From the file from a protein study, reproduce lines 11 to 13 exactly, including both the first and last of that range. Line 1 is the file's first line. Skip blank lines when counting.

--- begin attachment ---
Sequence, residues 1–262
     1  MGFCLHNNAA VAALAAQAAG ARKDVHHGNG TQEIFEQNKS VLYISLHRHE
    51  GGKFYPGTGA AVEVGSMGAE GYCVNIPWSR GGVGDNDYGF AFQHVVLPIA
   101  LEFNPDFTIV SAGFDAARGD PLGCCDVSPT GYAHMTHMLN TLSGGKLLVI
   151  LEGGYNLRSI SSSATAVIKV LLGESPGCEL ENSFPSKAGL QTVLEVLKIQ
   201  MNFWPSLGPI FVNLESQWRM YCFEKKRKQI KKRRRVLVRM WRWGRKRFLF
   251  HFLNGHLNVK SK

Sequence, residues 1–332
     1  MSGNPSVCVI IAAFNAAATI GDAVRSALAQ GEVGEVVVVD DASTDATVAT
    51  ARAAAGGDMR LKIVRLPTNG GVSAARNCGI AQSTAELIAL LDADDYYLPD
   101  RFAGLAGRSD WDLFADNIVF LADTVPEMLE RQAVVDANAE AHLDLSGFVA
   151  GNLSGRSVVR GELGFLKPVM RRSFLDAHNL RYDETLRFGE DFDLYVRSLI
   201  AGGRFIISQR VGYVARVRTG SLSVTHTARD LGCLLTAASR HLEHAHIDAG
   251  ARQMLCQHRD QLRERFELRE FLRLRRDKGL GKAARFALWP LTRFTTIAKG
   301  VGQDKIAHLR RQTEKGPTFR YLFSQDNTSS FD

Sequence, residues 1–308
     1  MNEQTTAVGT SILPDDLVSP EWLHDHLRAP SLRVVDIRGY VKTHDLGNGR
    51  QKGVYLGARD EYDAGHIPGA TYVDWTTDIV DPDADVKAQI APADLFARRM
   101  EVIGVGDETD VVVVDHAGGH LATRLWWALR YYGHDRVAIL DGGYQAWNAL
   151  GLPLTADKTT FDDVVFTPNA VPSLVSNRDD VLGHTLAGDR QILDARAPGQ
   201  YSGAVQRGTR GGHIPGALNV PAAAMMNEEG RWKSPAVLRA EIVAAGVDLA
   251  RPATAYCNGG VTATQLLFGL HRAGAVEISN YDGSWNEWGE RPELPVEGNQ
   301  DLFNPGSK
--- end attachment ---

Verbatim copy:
   101  RFAGLAGRSD WDLFADNIVF LADTVPEMLE RQAVVDANAE AHLDLSGFVA
   151  GNLSGRSVVR GELGFLKPVM RRSFLDAHNL RYDETLRFGE DFDLYVRSLI
   201  AGGRFIISQR VGYVARVRTG SLSVTHTARD LGCLLTAASR HLEHAHIDAG